News (Misha Burnett): I am partnering with Cedar Sanderson’s newly formed Sanderley Studios to produce a collection of short fiction for young readers. I am looking for exciting adventure stories that showcase (but not preach) virtues, suitable for boys and girls in their teens. Submissions open on Mar 15th and will run until May 15th.
New (DMR Books): Runemaster: Shield Maiden’s Blade by Mike Bullock is just one of the many exciting new releases from Airship 27. Runemaster is illustrated by Chris Nye with cover art by Steve Otis. Skarl Kirwall has been banished. His crime was consorting with the enemy. Innocent, he yearns for justice. His only hope is dashed when he returns home to a bloody, burning ruin. Discovering that his true enemy has taken Lacina, his beloved, Skarl vows vengeance.
Fiction (Don Herron): Just noticed that today Don Webb tossed up a review of A Look Behind the Derleth Mythos on Amazon. He explains why he suddenly covers John D. Haefele’s previous book at the end: “August Derleth was an unimaginative but professional horror writer. He was a great editor (producing topnotch anthologies of horror, SF and poetry). He is a very underrated regional novelist. And he is a small press superhero. In the micro-world of Lovecraftian criticism it is fashionable to deride Derleth for his mediocre horror writing (although he had a couple of strong tales) and particularly his “posthumous collaborations” — seeing him as a vampire feeding off of Lovecraft’s fame.”
Fiction (Lovecraftzine): In my collection Strange Company and Others, I included two types of Cthulhu Mythos stories. The first type were stories that I felt could easily integrate into the existing greater Lovecraftian mythos. The other type were tales that leveraged the artificial mythology but couldn’t possibly be integrated into the Cthulhu Mythos. These included fictions that mingled the mythos with steam punk, fairy tales, empires of the undead, alien invasions, and even cyberpunk. JG Faherty’s novel Sins of the Father falls firmly into the category of alternate mythos imagining an Innsmouth in which the takeover of the village by the Marsh’s and their aquatic allies fails.
Firearms (Ty Johnston): Like many firearms enthusiasts and those who carry concealed or openly, I’m always on the lookout for a new holster. A good holster, one that’s just perfect for you, isn’t always easy to find, and most gun enthusiasts will have a bunch of them, some they use and some they were disappointed with and are shoved back in a closet somewhere. To those who don’t carry, being picky about a holster might seem silly, but it’s actually quite important to have a good holster for safety purposes and for comfort and fit. So, I’m always looking.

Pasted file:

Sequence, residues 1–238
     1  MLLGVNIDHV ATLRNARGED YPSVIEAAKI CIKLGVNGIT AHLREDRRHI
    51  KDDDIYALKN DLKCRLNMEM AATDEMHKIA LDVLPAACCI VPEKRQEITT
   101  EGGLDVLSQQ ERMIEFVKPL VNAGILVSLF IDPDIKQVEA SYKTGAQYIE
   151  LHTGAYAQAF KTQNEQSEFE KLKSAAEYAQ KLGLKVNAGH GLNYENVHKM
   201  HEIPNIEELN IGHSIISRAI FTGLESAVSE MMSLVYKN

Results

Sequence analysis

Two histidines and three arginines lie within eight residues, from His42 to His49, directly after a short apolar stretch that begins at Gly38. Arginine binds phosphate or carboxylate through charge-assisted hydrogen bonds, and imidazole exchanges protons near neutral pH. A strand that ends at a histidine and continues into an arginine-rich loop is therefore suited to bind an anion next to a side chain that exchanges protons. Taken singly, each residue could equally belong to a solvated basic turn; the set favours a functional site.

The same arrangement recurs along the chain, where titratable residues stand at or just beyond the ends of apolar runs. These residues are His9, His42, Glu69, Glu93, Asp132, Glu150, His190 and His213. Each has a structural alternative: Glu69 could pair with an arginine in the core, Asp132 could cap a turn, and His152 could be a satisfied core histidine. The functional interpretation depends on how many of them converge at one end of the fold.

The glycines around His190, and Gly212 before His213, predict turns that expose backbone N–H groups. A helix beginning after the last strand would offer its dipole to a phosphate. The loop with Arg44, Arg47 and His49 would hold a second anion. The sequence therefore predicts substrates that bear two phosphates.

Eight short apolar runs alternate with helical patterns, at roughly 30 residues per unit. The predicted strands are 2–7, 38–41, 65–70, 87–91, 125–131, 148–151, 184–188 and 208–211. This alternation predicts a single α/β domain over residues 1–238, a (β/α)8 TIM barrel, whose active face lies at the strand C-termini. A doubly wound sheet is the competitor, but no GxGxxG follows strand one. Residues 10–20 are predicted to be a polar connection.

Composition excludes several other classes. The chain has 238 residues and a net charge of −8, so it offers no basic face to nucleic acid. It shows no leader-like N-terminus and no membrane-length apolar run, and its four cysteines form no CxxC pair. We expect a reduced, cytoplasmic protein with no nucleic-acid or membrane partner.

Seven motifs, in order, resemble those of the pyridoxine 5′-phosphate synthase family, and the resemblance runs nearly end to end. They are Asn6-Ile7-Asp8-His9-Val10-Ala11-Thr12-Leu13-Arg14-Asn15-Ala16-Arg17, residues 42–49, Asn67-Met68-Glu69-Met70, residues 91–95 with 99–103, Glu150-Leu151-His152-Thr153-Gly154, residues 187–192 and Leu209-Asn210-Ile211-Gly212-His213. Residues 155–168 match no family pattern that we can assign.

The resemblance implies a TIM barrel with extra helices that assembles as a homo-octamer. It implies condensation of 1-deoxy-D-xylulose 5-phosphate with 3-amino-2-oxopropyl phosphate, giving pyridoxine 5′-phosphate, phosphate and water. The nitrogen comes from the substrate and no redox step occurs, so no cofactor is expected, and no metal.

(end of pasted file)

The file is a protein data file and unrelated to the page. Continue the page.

Fiction (Frank Ormond): Vaughn Heppner is one of the success stories of independent publishing. He’s had great success for both his Lost Civilizations fantasy stories and science fiction stories like the A.I. series and Lost Starship series. Giants is the first book in the Lost Civilizations series, and I approached this book knowing basically nothing about it. The book is set in a Judeo-Christian fantasy world, a world before the great flood of Noah.
D&D (Skulls in the Stars): The Book of Lairs (1986), by Jim Ward and Michael Breault. This next product was a big deal when it first came out, as I remember! The Book of Lairs served as something somewhat new for TSR: instead of a single adventure, the volume contained over sixty mini-adventures that could be inserted into a campaign on relatively short notice.
Fiction (Davy Crockett’s Almanac): Will Murray’s done it again. Fresh on the heels of his triumphs with Tarzan: Conqueror of Mars and The Wild Adventures of Sherlock Holmes, comes Fury in Steel, the second entry in his series featuring the Spider. And like all Will’s books, including the many Wild Adventures of Doc Savage (two of which also feature The Shadow), it’s a damn good read. His first Spider book, The Doom Legion, guest-starred pulp legends Operator #5 and G-8. Fury in Steel continues that tradition, with an appearance by Emile C. Tepperman’s Suicide Squad.